Tuesday, December 30, 2014

Hillwood extends Post's diamonds and rubies through Jan. 11

Marjorie Merriweather Post and her daughter, Dina (Merrill) in 1929, by Giulio de Blaas (1888-1934). On her left shoulder, Post wears one of her favorite pieces, a Cartier emerald epaulette, shown below.  Dina Merrill Hartley, the actress who turned 91 yesterday, Post's only surviving child, is a sponsor of Cartier: Marjorie Merriweather Post's Dazzling Gems at the Hillwood Estate, Museum & Gardens  rubies

A close up of the Cartier epaulette with seven emeralds, in the painting above.  The weight is?/Hillwood Estate, Museum & Gardens
It's always fun to see how the rich live, the one percenters, to visit their homes, a rarity for most of us, but Hillwood in northwest Washington was the home of a billionaire, Marjorie Merriweather Post (1887-1973), and it's open to the public.  There, visitors may see the special exhibition of "fabulous" jewelry Post commissioned and bought from Cartier, the French house, whose artistry is the subject of Cartier: Marjorie Merriweather Post's Dazzling Gems.

Direct from a Cartier exhibition in Paris at the Grand Palais on Champs Elysees, the Hillwood show is fitted in a small gallery with rings, necklaces, earrings, evening gowns, purses, and a dressing set, among other items, at the estate's Adirondack Building.

Also on display are jeweled boxes and elaborate enameled, painted picture frames, including a set of Russian Tsar Nicolas II's daughters, Grand Duchess Tatiana and Grand Duchess Olga, who were murdered by the Bolsheviks in Russia in 1918.

One of Post's four marriages was to Joseph E. Davies, appointed U.S. ambassador to the Soviet Union in 1936. While living in Russia in 1937 and 1938, Post and her husband bought many art works from the Stalinist government which needed money to build the regime. Post developed an affinity for Russian decorative arts and her collection evolved into the world's greatest collection of Russian imperial arts, outside the homeland.

She was also an admirer of French art, bequeathing many pieces of her jewelry to the Smithsonian, including a diamond tiara Napoleon I gave to Empress Marie-Louise, on view at the Smithsonian's Museum of Natural History in the Hall of Gems.  The Smithsonian loaned several gems to Hillwood for Cartier.

Marjorie Merriweather Post in 1952 by Frank O. Salisbury (1874-1962) wearing the necklace below/Hillwood Estate, Museum & Gardens

A close up of the Cartier emerald and diamond necklace worn by Marjorie Merriweather Post in the portrait above/Hillwood Estate, Museum & Gardens

Another Cartier necklace owned by Marjorie Merriweather Post/Hillwood Estate, Museum & Gardens

A diamond necklace owned by Marjorie Merriweather Post, designed by Cartier/Hillwood Estate, Museum & Gardens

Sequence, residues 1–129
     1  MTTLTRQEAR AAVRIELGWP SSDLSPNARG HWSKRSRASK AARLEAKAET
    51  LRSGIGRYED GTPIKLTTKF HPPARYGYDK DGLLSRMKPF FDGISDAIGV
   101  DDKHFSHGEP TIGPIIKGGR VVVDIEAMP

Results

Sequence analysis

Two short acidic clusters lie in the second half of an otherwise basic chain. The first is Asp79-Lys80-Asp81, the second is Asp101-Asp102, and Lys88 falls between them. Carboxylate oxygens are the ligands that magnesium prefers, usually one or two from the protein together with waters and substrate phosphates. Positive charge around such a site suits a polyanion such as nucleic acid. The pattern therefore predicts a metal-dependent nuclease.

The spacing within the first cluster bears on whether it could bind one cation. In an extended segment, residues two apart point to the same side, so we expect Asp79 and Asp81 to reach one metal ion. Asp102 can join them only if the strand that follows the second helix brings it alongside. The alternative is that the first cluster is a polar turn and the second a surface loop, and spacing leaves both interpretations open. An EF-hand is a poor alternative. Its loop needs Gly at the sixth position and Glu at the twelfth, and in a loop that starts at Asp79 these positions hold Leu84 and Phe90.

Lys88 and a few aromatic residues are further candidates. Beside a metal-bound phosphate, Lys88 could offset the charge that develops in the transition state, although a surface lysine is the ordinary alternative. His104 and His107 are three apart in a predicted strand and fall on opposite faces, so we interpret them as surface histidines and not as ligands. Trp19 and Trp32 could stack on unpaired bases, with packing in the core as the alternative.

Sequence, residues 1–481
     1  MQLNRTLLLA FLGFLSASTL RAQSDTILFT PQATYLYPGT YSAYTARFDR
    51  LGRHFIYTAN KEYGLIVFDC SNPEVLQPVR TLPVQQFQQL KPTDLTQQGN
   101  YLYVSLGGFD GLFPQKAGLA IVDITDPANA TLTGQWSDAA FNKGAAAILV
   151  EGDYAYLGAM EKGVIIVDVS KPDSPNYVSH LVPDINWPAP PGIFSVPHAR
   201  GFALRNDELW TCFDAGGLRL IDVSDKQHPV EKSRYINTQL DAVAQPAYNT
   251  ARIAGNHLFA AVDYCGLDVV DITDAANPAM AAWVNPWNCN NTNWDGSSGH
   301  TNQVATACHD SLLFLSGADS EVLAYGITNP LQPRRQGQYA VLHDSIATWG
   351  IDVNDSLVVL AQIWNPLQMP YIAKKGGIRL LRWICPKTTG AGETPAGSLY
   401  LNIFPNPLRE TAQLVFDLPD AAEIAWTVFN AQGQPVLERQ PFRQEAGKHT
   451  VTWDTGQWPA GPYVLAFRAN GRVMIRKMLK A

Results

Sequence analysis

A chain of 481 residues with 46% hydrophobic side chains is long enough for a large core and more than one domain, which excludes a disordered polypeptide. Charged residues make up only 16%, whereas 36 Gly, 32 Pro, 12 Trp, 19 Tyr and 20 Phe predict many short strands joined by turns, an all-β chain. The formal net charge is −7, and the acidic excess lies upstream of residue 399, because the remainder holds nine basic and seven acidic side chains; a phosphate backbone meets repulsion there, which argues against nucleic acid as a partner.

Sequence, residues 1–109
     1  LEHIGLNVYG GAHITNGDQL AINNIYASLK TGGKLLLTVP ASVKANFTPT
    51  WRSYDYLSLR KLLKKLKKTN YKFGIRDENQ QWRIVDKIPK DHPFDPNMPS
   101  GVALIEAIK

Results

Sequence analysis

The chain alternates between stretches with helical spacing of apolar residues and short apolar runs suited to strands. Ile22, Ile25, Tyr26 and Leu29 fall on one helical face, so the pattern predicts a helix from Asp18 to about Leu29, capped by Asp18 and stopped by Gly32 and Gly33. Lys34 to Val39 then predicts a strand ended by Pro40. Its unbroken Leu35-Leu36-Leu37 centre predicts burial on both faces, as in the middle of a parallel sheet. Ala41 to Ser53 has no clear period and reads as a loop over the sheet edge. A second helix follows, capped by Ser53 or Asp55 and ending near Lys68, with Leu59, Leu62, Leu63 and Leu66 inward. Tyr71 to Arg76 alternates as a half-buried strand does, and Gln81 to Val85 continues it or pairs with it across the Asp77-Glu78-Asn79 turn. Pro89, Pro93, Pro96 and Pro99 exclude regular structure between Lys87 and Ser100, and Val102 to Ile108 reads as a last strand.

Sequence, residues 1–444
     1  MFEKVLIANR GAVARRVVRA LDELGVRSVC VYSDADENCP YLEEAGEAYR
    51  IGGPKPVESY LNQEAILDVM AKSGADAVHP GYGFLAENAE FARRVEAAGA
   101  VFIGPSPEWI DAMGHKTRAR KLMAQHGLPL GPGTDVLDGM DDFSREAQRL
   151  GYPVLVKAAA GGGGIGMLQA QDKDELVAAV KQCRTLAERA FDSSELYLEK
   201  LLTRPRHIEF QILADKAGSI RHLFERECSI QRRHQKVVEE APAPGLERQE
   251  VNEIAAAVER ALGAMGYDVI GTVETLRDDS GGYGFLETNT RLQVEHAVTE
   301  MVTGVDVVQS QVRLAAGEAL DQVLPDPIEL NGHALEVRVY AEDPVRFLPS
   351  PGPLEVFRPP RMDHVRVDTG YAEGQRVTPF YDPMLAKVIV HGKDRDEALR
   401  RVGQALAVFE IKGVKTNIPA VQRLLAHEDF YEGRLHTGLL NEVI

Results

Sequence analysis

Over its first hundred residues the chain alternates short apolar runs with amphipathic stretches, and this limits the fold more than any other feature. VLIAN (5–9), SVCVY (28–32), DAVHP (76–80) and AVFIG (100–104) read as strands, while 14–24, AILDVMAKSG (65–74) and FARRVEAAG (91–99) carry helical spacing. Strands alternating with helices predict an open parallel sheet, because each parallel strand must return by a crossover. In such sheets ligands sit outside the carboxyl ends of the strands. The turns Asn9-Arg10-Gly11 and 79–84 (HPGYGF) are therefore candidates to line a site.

Hillwood's Adirondack building where Post's Cartier pieces are displayed/Photo by Patricia Leslie

The south portico of Hillwood, the home of Marjorie Merriweather Post in Washington, D.C./Photo by Patricia Leslie 

The dining room at Hillwood/Photo by Patricia Leslie 
The breakfast room at Hillwood/Photo by Patricia Leslie
Marjorie Merriweather Post/Hillwood Estate, Museum  & Gardens

Other items in the Cartier presentation include a cigarette box of gold, silver, enamel, agate, and diamonds with ashtrays of gold, rubies, jade and sapphires, made in "the heyday of cigarette smoking," de rigueur elements to accommodate smokers found in elegant homes of the 1920s and 1930s.

Post began her Cartier collection in the 1920s and added to it throughout most of her life. 

The Cartier firm opened its doors in Paris in 1899, and its New York shop in 1909 where Post became Cartier's best client, Hillwood says. 

For presentation in 1929 at the Court of St. James, Post wore a 21-carat Columbian emerald reportedly offered to her by Cartier and formerly worn by Austrian Archduke Maximilian (1832-1867) who crowned himself emperor of Mexico where he was executed.
The Maximilian emerald ring which Marjorie Merriweather Post gave to the Smithsonian where it is displayed in the Hall of Gems at the National Museum of Natural History/Smithsonian

Many rooms at the Hillwood mansion are open to the public, including the upstairs with bedrooms and dressing rooms (no sitting, please). While on the grounds, enjoy the peace of its 25 acres, nicely designed with tranquil gardens where visitors may sit on benches and dream.

WhatCartier:  Marjorie Merriweather Post's Dazzling Gems

When:  Now through January 11, 2015, including New Year's Day, Tuesdays through Saturdays, 10 a.m. - 5 p.m., and Sundays, 1 - 5 p.m.  Closed on Mondays. Beginning January 12, Hillwood will closed for the month.

Where:  Hillwood Estate, Museum & Gardens "Where Fabulous Lives," 4155 Linnean Avenue, NW, Washington, D.C. 20008

Suggested donation:  $15 (adults), $12 (seniors), $10 (students), $5 (child, ages 6 -18) and free for those under age 6.

Parking:  Free, on-site

Biking and walking:  Encouraged; bike racks available.

For more information:  202-686-5807

Metro station: Van Ness/UDC station on the Red Line, then walk a (mostly uphill) mile and burn off Christmas calories.  (Taxis, available.)

Metro bus stop: The L1 or L2 bus stops at the corner of Connecticut and Tilden streets, NW, about a half mile's (mostly uphill) walk from Hillwood.



Sunday, December 28, 2014

Washington Cathedral honors President Woodrow Wilson